The suppression of all political opposition work, especially that outside of our parliaments is a reality already. Just last week, the radicalised wing of Fridays for Future here in Germany, the Last Generation, was confronted with the reality that government figured them for terrorists and had 15 homes searched by Anti-Terror Swat Teams. Teenagers that glue themselves on roads. Democracies thrive on vibrant political competition and the ability of diverse voices to participate freely and quite frankly, that luxury is over. Again, important to note that when the state and their cops don’t fuck with you, they’re not afraid of you. And they should be.
I could go, the list, even within the bourgeoisie concept of reality the mask of “freedom” is off and the question remains, what tools do we have at our disposal, now, to counteract the state’s violence directed at us to maintain capitalism.
Plenty, and some of it even notable, has been written about why past protests have failed and I am not here to admonish any of it. The issue with analysis, as worthwhile as it is, is two-fold: one, it is always subjective and situational. Meaning, it takes place after the fact and is never objective, sadly, and secondly, it is very specific about why a certain movement failed - they all usually do, unless you are fascist being back by your area’s industrialists- in short term, those bastards have a thing going for them. The point is this: all injustices that we are experiencing are man made by products and necessities upon which the construct of capitalism is built. And yet, protests fail and I believe we longer have the time, or rather the luxury of time to allow them to happen. Now, I am too old to still believe in large, nation wide revolutions as I did 30 years ago, the actual definition of revolution has morphed and evolved since then and I am certain it will continue to do so as I get older and that I believe is good. Statics become reactionaries quicker than any of us can give up and sell out.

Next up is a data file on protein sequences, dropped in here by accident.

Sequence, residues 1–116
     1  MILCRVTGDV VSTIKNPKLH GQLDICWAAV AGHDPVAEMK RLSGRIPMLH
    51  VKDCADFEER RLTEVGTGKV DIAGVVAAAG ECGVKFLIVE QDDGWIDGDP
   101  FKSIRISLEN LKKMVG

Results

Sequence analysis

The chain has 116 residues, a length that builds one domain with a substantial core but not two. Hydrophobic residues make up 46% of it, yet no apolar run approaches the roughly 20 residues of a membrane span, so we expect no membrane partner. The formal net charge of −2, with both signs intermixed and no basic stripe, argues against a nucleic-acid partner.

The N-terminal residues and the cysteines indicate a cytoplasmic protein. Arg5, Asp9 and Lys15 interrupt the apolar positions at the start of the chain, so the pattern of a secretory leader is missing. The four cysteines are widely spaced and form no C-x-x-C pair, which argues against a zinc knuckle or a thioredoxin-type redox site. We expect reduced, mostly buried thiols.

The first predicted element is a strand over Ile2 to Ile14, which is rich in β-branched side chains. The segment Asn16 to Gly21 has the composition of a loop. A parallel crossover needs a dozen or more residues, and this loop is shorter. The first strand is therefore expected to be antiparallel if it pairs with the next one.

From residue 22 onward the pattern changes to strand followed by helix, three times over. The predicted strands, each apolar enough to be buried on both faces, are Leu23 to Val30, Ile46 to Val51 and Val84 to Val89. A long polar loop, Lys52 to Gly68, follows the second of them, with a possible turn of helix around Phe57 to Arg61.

Rather than boring you with reasons why protests fail though, the rest of the week will be spent on examining tactics and historic realities that have worked, and “worked” is a definition I will get into also. For the time being and today, a few hard learned facts about protesting, sticking it to the man, building, maintaining and growing power.
When protest fails to bring about policy change, there are alternative options outside of parliamentary activities that individuals and groups can explore. It is important to note that the moral acceptability of these options may vary depending on the specific circumstances and the principles of those involved. Here are a few examples: